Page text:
For the next four issues, this column will be dedicated to a project I have been cultivating over the past couple of years. It’s a project that has required labor, humility, gratitude, and love. Love for a community that has always needed to fight for its visibility, and love for a community that will always need to fight for its rights.
What will always make this true is its sheer lack of numbers. Outside of queer meccas like Fire Island and Provincetown, the LGBTQ+ population throughout the world will never become a dominant number. You simply can’t knowingly breed more queer people into existence. We also can’t be created from a specific culture, race, or region, making us pervasively a minority worldwide. For this reason, I find our drumbeat to be very singular and yet forever persistent.
With this in mind, I began to question; how can we as a community work to recognize our chosen family ancestors if we don’t know them? Is this a type of diaspora with no tangible starting place? How can we own claim to those that have helped construct our identities through their actions and visibility when they unknowingly did so? Who allowed us out of our closets? Though I’ve never met Harvey Milk or Marsha P. Johnson, are they our chosen relatives? Like my great-great-grandfather who came to Ellis Island as a German immigrant in 1913, can I claim them for my ability to live my true life?
When I came out to my parents, did the words and visibility of my chosen uncle Elton John help ease the confusion for my parents when I came out to them? The lives of our chosen ancestors in this strange type of inheritance affect the ways in which we live out our LGBTQ+ lives, and I wanted to find a way in which we can recognize, honor, and appreciate these members of our communities that we may or may not know.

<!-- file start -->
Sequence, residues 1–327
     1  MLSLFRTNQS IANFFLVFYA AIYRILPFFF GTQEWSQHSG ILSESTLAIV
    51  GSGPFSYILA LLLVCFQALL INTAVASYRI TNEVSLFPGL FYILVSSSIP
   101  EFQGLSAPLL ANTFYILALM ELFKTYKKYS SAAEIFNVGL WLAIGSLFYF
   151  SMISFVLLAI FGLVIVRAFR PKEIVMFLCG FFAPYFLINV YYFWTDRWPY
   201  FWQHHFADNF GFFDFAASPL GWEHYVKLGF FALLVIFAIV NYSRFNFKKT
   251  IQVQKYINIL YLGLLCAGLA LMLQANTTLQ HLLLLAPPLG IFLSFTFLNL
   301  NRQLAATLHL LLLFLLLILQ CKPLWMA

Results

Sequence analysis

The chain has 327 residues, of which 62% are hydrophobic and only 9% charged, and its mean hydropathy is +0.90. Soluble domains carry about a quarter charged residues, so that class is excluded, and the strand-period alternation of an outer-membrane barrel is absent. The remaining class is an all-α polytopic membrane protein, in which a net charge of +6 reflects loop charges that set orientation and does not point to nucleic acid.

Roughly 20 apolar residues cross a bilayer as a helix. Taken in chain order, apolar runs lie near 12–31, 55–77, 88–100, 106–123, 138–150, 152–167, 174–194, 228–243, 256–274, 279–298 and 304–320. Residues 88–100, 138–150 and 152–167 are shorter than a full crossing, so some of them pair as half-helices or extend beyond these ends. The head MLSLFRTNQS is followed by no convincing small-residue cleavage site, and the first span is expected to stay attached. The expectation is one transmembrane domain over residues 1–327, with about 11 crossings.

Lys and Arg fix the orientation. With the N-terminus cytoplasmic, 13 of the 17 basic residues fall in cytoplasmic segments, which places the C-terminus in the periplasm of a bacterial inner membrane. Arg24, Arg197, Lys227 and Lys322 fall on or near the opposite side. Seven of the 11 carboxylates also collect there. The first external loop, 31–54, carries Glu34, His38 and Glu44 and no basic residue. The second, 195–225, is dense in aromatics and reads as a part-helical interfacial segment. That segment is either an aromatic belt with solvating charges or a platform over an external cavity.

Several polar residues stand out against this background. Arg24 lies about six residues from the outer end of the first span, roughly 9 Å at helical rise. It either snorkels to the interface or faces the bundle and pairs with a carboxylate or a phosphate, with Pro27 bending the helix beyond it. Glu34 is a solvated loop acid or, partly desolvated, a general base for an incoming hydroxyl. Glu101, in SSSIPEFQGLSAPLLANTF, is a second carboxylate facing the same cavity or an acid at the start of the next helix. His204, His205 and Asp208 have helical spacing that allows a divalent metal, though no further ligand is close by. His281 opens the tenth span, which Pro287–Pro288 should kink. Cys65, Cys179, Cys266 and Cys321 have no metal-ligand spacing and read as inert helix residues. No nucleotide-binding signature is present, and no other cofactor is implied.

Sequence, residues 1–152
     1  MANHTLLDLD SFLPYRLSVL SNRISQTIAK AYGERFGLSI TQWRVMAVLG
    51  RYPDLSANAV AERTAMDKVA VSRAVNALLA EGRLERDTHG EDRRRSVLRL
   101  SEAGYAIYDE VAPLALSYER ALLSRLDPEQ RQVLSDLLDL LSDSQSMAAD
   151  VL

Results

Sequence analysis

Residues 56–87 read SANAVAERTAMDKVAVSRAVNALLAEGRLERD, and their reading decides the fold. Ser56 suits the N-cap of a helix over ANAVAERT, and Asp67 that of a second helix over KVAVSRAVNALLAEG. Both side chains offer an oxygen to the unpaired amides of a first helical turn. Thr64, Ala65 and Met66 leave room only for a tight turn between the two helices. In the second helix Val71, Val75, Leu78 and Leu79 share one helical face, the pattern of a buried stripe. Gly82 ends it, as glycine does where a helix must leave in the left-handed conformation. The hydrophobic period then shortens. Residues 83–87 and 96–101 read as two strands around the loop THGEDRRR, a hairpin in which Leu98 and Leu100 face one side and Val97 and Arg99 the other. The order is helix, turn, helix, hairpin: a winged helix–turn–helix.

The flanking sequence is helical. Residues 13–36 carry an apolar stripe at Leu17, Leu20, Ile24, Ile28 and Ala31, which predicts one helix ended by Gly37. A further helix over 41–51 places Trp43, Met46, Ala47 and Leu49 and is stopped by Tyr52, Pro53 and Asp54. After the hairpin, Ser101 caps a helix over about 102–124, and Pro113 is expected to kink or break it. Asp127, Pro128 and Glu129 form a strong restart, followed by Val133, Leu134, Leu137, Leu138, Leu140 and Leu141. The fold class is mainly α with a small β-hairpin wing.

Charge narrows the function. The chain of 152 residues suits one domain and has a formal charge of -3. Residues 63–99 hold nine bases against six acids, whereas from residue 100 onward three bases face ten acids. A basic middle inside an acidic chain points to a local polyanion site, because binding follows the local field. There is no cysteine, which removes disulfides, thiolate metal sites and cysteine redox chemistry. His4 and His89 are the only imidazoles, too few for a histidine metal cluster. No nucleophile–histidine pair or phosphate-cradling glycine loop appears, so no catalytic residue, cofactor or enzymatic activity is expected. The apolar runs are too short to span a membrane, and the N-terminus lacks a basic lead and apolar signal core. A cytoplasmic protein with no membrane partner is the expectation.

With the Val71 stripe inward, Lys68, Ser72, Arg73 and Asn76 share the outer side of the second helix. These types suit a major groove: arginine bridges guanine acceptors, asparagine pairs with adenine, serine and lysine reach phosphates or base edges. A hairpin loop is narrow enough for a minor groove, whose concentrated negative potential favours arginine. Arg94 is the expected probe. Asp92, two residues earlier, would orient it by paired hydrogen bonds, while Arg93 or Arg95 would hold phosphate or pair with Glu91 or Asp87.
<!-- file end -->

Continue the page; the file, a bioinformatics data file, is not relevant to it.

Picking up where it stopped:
Over the next four columns, I will be sharing the journey of this project I’ve titled “Strange Inheritance” and discuss where I currently stand with its progress. The lessons I’ve learned along the way, how these questions were formed, and the different ways I’ve learned to disseminate them into action. Each article, along with its core agenda and story, will end with a dedication to a different queer pioneer that paved the way for future LGBTQ+ rights and visibility.
This one is dedicated to you Stewart Butler. You recently left us on this physical plane, but your actions and voice will live on in our lives, in our rights, and in our hearts. Thanks for being our “political animal”.
Stewart Butler, the self proclaimed “political animal”, dedicated his life to protect and build up the New Orleans queer community, keeping it the gay mecca it is. He was on the front lines to help pass the anti-discrimination ordinance for the LGBTQ+ community in 1991 by the New Orleans City Council and was one of the lucky survivors of the Upstairs Lounge Fire in 1973.
His life was dedicated to the progress of queer LGBTQ+ rights throughout the state and was honored with the “We’re Here” award for politics by the Louisiana Council for Human Rights. In the 90’s, he was instrumental in making sure PFLAG added transgender rights into its mission statement, making it a national commitment for the organization. He started the LGBTQ+ Archives project, and I am honored to say that “Strange Inheritance” received research and development funding from their grant program. Thank you Stewart for your dedication and perseverance in establishing our rights as Queer American citizens.